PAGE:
It certainly was a fascinating Halloween weekend here along the Atlantic Seaboard. I spent nearly the entire weekend traveling back and forth between Providence and Washington, DC aboard one of Amtrak's less-than-stellar Northeast Regional trains. The upside was that for at least half that trip Susie and I were together.
After a fairly typical week of work for both of us, Susie and I left Providence by train and headed south to Washington, DC. The plan was (and, in fact, still is) for her to attend the national conference of “Women chefs and Restaurateurs” in Washington. I would turn right around for Providence after a quick stop at Arlington National Cemetery. As a bonus we hoped to pop over to Northern Virginia and see Glen and Christina and Miss K.
It was a fine autumn Saturday morning when we left our apartment for the train station in Providence. The plan was simple: take the train to Washington, the Metro to Virginia, spend the night with Glen and Christina, Metro back into the city early Sunday, I get off at Arlington National Cemetery to look for Mary Heistand's grave, Susie continues on into the city to check in for the conference.
A simple plan complicated by the vagaries of human nature and mechanical failure.
The train departed on time but twelve miles outside of Providence, in the middle of rural Rhode Island, we came to a complete stop. We had to pull alongside an earlier New York-bound train, which had broken down, and off-load their passengers onto our train. Naturally this made for a full house and we were just getting started. And now we were late by nearly an hour.
Still, it was a stress-free ride through the Connecticut countryside, and one couldn't help but admire the gorgeous fall colors still lingering just about everywhere along our route.
The train cruised into the Big Apple and came to a halt in the bowels of the old Penn Station. Several thousand people (exaggeration alert) got off and very few got on -- most importantly, though, the conductors failed to get on and so we sat for something approaching an hour before we learned that there was no crew aboard our train. At last Amtrak rounded up a handful of conductors, who, it seemed, had no idea what was going on and in fact gave the impression of just having recently passed their English as a Second Language test.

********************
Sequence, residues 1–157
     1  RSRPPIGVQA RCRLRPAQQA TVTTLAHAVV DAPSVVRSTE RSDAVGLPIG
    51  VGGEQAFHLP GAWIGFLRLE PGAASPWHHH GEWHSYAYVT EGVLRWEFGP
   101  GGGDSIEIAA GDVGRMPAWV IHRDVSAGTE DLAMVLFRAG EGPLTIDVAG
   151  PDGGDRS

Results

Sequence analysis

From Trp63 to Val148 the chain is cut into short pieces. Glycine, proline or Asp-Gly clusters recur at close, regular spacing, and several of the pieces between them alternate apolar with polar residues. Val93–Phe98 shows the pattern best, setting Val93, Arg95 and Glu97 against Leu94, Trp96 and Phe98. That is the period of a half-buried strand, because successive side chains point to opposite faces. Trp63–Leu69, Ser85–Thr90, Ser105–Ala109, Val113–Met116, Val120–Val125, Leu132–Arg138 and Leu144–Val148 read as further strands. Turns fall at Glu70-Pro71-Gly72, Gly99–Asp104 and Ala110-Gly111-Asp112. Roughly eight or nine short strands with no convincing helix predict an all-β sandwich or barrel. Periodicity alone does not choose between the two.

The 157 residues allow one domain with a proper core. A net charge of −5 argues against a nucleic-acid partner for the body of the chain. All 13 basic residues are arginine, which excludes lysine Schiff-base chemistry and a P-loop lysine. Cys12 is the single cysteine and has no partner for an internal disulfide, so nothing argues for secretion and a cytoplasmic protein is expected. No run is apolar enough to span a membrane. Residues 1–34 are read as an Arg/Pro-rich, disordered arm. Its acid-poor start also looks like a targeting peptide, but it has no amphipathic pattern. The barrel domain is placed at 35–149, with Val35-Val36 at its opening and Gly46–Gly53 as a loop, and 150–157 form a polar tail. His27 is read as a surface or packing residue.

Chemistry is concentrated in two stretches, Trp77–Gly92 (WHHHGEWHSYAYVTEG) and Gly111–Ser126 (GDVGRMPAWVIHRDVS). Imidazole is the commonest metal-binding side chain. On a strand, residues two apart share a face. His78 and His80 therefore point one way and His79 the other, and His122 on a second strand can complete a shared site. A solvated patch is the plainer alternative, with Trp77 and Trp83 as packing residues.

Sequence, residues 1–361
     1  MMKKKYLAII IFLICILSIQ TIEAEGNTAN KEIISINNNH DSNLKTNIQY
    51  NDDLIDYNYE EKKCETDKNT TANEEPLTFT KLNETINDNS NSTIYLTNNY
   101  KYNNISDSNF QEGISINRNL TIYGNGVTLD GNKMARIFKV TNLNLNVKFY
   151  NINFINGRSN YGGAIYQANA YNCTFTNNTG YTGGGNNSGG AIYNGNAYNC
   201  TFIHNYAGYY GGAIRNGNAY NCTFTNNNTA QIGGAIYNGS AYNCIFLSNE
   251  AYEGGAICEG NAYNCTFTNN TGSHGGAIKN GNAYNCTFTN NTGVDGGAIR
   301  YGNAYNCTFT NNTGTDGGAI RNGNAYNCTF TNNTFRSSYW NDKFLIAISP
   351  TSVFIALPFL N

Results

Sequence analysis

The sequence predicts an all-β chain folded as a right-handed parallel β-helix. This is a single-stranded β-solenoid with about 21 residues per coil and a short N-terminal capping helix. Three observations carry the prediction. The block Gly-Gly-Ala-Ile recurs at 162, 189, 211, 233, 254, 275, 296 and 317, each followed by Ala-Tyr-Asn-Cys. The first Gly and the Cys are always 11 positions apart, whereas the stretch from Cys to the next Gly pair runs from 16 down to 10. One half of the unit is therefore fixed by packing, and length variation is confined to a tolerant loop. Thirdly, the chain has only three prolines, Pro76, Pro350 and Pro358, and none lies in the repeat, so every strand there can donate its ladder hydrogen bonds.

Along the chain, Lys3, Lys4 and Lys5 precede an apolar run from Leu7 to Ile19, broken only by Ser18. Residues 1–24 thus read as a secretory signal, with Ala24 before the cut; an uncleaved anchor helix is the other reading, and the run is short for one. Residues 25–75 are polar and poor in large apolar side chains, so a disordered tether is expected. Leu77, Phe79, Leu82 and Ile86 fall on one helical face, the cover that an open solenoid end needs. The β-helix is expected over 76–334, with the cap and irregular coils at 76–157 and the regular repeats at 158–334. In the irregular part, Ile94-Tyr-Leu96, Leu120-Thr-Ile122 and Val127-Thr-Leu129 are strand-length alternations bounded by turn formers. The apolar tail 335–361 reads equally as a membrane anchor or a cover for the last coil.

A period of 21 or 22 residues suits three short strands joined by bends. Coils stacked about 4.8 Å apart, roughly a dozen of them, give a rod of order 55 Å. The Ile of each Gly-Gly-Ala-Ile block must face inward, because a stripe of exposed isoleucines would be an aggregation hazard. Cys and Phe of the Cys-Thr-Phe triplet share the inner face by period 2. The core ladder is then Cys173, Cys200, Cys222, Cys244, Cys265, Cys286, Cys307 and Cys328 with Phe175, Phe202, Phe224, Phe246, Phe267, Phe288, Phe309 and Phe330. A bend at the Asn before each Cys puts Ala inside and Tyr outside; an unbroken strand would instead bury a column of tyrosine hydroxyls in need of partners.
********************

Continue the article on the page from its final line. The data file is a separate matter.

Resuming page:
Off we went to Washington passing through Newark (two stops) Philadelphia, Baltimore and eventually pulling into Washington's Union Station at 8pm (20:00 hours), nearly two and a half hours late.
We headed straight for the Metro, bought our "Farecards" at one of the automated kiosks and headed for the Red Line. We got off at Metro Center and connected to the Blue Line headed in the direction of Franconia-Springfield -- indeed, we took it to the very end of the line.
The one highpoint of the metro leg of our trip was that since it was Halloween evening, nearly everyone under 25 in Washington was dressed up (or down) in one sort of costume or another – although in this day and age it’s often difficult to distinguish what is a ‘costume” and what is simply normally clothing for some people. One thing did stand out though: it seemed that most of the young women were vying for top “Halloween Slut Award.”
But it was fun and made the trip out to northern Virginia zip by.
Glen met us at the entrance to the Metro station and a few minutes later we were in their warm home, sitting around a table of delicious food, enjoying a glass of wine and lively conversation.
Not a bad way to end out a long day of train travel and train snafus. Not bad at all.
Next: Susie stays, I return and Amtrak lives up (or down) to its reputation.